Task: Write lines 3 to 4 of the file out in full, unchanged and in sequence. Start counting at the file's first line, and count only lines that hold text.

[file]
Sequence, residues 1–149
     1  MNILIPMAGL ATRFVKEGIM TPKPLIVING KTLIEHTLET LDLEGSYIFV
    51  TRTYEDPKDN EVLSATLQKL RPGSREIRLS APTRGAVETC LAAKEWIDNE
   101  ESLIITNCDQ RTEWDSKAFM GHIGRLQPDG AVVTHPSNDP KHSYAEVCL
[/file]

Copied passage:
    51  TRTYEDPKDN EVLSATLQKL RPGSREIRLS APTRGAVETC LAAKEWIDNE
   101  ESLIITNCDQ RTEWDSKAFM GHIGRLQPDG AVVTHPSNDP KHSYAEVCL